Keith Davis and his Air Force comrades on Borneo didn't celebrate the surrender of the Japanese and the end of World War II in the Pacific.
They weren't in the mood for celebrating much of anything.
Which is perhaps a fitting memory, given the fact all of the Illawarra's commemoration events for the end of the war in the Pacific - VP Day - have been called off this year because of the coronavirus pandemic.
Instead, it will be a quieter commemoration, as the few surviving veterans turn their thoughts to the day they were freed from their service, before they doubtless turn to the darker aspects of their service, which will never be forgotten.
On August 15, 1945, Emperor Hirohito announced Japan's surrender. Nazi Germany had surrendered three months earlier. The war was over.
By then Australian forces were engaged in New Guinea, Bougainville, New Britain, Borneo, and the Philippines. More than 39,000 Australians had died; many were held as prisoners of war.
Wollongong's Mr Davis may be 95 but his memories of 75 years ago are sharp. He'll most likely mark the occasion with friends over lunch at the City Diggers or Wollongong Golf Club, where he lunches most days.
This week he told the Mercury he remembered hearing the news Japan had surrendered - and continued to get on with the job.
"We had their prisoners we had taken," he said.
A Wagga Wagga boy, he enlisted in the Air Force at age 19, trained as a pilot but was "scrubbed" and joined the ground staff. In May 1945 he and the 9th Division's 26th Brigade landed on the island of Tarakan, in Borneo, held by the Japanese.
"We were sent there ostensibly to get the Australian prisoners of war out of Sandakan [a town further north on Borneo]," Mr Davis said.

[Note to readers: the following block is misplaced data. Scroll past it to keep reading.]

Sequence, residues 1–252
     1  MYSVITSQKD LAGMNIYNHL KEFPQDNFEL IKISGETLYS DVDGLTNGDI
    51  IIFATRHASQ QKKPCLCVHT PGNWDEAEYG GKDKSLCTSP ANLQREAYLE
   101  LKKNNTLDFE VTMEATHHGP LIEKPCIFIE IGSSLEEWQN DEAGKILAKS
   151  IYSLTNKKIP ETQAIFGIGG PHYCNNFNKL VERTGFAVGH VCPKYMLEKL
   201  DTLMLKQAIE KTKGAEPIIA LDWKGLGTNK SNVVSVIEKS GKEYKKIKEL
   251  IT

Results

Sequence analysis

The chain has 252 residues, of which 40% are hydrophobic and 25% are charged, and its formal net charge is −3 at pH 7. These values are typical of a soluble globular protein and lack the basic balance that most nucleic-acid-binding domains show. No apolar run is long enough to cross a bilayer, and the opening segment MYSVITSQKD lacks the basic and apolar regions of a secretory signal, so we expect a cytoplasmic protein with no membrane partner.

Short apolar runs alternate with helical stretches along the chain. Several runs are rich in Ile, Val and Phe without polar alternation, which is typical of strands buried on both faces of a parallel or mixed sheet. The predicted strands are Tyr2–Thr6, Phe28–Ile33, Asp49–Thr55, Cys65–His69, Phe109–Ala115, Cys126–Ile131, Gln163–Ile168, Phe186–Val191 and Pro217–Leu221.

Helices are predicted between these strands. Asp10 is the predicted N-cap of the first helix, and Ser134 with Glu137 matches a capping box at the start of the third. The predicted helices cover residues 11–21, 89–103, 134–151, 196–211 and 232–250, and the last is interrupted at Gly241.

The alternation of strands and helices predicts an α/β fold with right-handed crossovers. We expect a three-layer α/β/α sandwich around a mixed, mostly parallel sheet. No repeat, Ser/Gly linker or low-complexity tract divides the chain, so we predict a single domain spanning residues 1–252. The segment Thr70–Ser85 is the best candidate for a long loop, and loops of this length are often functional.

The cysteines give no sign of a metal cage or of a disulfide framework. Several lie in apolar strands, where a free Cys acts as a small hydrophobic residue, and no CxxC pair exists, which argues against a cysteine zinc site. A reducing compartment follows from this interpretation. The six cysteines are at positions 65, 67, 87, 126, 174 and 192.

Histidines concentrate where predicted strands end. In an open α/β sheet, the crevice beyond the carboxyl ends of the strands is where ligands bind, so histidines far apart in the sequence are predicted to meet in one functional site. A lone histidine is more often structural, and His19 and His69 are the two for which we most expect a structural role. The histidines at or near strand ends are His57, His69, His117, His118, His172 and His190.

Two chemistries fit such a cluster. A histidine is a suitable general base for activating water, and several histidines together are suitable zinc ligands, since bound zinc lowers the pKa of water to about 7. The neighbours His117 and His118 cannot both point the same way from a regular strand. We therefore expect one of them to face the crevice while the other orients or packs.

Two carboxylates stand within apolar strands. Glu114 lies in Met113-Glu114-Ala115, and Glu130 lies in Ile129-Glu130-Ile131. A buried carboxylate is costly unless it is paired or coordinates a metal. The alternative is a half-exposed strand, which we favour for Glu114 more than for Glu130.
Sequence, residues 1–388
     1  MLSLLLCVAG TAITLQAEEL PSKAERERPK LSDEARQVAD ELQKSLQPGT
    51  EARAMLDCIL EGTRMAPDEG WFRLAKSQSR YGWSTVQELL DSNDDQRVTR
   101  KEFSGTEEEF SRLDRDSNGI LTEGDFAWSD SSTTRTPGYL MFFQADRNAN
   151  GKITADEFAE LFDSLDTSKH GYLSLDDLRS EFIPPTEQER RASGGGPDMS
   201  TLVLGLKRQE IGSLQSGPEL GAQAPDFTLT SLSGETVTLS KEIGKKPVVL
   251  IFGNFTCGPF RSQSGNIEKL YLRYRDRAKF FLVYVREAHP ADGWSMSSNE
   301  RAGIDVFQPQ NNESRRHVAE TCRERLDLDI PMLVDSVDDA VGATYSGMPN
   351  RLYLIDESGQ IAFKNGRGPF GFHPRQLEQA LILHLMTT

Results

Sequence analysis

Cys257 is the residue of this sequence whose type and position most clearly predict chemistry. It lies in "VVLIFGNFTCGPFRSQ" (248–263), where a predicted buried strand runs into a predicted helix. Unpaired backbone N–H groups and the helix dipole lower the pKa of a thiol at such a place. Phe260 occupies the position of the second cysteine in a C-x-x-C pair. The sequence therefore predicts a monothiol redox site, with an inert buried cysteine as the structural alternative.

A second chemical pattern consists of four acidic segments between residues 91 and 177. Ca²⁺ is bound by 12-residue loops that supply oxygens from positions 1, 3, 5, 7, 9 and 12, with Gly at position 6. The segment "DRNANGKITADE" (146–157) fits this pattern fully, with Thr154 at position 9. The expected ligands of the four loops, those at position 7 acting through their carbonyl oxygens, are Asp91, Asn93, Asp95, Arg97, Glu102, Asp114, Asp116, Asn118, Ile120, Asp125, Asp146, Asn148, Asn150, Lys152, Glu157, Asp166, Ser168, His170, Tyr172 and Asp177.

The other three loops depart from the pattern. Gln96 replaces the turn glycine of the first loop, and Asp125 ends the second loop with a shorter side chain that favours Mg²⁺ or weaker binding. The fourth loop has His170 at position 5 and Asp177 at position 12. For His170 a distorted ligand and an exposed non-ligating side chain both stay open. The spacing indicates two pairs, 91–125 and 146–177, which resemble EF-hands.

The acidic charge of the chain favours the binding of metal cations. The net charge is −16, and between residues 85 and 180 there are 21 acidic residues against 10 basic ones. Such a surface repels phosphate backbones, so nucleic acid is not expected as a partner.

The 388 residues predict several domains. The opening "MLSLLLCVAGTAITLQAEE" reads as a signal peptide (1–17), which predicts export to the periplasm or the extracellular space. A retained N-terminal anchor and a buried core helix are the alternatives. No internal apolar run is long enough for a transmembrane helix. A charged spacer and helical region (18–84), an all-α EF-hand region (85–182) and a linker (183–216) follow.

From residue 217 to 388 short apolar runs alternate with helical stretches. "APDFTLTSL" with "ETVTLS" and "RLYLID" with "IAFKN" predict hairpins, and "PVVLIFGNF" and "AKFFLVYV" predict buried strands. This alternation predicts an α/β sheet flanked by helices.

"We landed on Tarakan and there were 5000 [Japanese] Marines on the high ground. The 9th Division went in at dawn, and we followed them in. I thought I'd been shot because there was blood everywhere. Or I'd torn it on the barge. Later there was a Digger boiling the billy and he told me 'we'd better go and get this bastard'. There was a sniper. That was my first experience under fire."
We just carried on as if the war was still on, because we had their prisonersKeith Davis
The losses were terrible. Out of about 3000 men, there were 600 casualties.
By August 1945 he was further south on Borneo, where the Australian forces fought their largest and last amphibious battle of the war, attempting to liberate the island.
"I was at Balikpapan when the war ended," he said. "I was in hospital because I'd had amoebic dystentry, I'd gone from 12 stone down to nine. I was flown home [afterwards] and spent some time in hospital."
"We had been against some pretty rough treatment from the [Japanese], because they had the higher ground. That's why they got so many of our fellas.
"I had my 21st birthday around when they ended. We just carried on as if the war was still on, because we had their prisoners we'd taken, and we were looking after.
"We were in the camp and one Japanese soldier said 'Wings' - the name of a magazine. I said 'where did you learn English?' He said 'Osaka University'. I talked to him a bit. I gave him some dog biscuits [rations] as we called them, because they were pretty hungry. They didn't have any food - that's how we got them all out. If they'd have been able to get reinforcements it might have been a different story on Tarakan and Balikpapan."
Mr Davis didn't mind too much that there wouldn't be any official activities for VP Day.
"It was relief. We were glad we were going home. I was flown home in a Catalina flying boat," he said.
"We didn't celebrate the end of the war much - except for playing two-up. I won some money.
"We soon forgot about the war. All I would say is that there will never be another one because it would be the end of the world, when they all drop atom bombs."